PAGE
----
If you are about to turn 65 years old or you want to get Medicare even though you missed the Initial Enrollment Period, it is important to know the prices and the things you will have to pay when you get Original Medicare. There are some ways in which you could pay less or some situations in which you will have to pay more than others. In this article we will explain everything about Medicare Part A costs.
Monthly Premiums of Medicare Part A
Most people don’t have to pay for Medicare Part A because they were eligible for a premium-free Part A when they enrolled to Medicare. This occurs when you join Medicare during your Initial Enrollment Period and you (or your spouse) have paid taxes during a specific period of time while working, accumulating at least 40 quarters of work.
You are also eligible for a premium-free Part A if you are under 65 years old and you got Social Security or Railroad Retirement Board benefits for 24 months or you have End-Stage Renal Disease (ESRD).
If you are not eligible for premium-free Part A, you will have to pay for Medicare Part A. Depending on the amount of quarters you have accumulated, the amounts may vary. In 2018, the standard Part A premium is $422 in case you paid Medicare taxes for less than 30 quarters, and it is $232 in case you paid Medicare taxes from 30 to 39 quarters.
Part A late enrollment penalty
If you did not sign up for Medicare when you were first eligible (during your Initial Enrollment Period), you have to pay the late enrollment penalty. In this case, you monthly premiums will go up 10% and you will have to pay that extra percentage for twice the number of years you could have Medicare but you did not sign up.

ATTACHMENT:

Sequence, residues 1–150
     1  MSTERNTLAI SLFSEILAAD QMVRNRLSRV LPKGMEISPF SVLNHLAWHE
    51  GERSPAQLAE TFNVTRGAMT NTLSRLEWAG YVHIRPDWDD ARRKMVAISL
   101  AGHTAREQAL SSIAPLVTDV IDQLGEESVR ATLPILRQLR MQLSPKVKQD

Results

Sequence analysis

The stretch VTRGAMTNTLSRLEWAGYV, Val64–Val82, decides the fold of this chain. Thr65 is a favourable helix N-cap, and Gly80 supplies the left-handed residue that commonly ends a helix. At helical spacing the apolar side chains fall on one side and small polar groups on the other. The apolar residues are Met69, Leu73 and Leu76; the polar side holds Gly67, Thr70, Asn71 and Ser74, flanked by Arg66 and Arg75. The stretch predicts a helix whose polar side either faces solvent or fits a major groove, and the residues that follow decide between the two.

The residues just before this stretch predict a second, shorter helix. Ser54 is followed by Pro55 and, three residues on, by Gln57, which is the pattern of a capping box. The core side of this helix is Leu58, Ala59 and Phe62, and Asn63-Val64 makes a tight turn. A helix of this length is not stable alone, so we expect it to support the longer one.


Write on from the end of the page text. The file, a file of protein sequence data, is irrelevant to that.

For example, you were eligible for premium-free Part A during 1 year but you did not sign up, so you will have to pay the higher premium for 2 years.
As it was explained in another article, there are certain situations if which you could still get premium-free Part if you do not sign up when you were first eligible. This is called “special enrollment period”. For more details on Medicare plans for 2019 go to http://www.Medigapplansguide.com
Part A hospital inpatient deductibles and Coinsurances
Although you may pay monthly Part A premiums, you will have to pay for the rest of Medicare Part A costs, which are deductibles and coinsurance. Remember a deductible is the amount of money you have to pay for healthcare services before Medicare starts paying, and a coinsurance is your share of the costs of a health service. You start paying the coinsurance after you pay the deductible.
In 2018, the deductible is $1340 for each benefit period. From days 1 to 60, you don’t pay anything for coinsurance for each benefit period; from days 61 to 90 the coinsurance is 335$ per day of each benefit period; from days 91 and beyond the coinsurance is $670 per each “lifetime reserve day” for each benefit period and up to 60 days over your lifetime. You will also have to pay all costs of you beyond lifetime reserve days.
A benefit period starts the day you enter a hospital or Skilled Nursing Facility (SNF) and ends when you have not received inpatient hospital care for 60 non-calendar days in a row. After those 60 days, a new benefit period begins. While you are in the hospital or SNF, you will have to pay the daily coinsurance.
As Original Medicare only cover up to 90 days of inpatient care each benefit period, you get a coverage of 60 days more, called lifetime reserved days, and they can be used only once. For example, if you spent 140 days in the hospital, you will have used 50 days from your lifetime reserved days, so you will have only 10 lifetime reserve days covered by Medicare if you have to spend more than 90 days in the hospital in the future.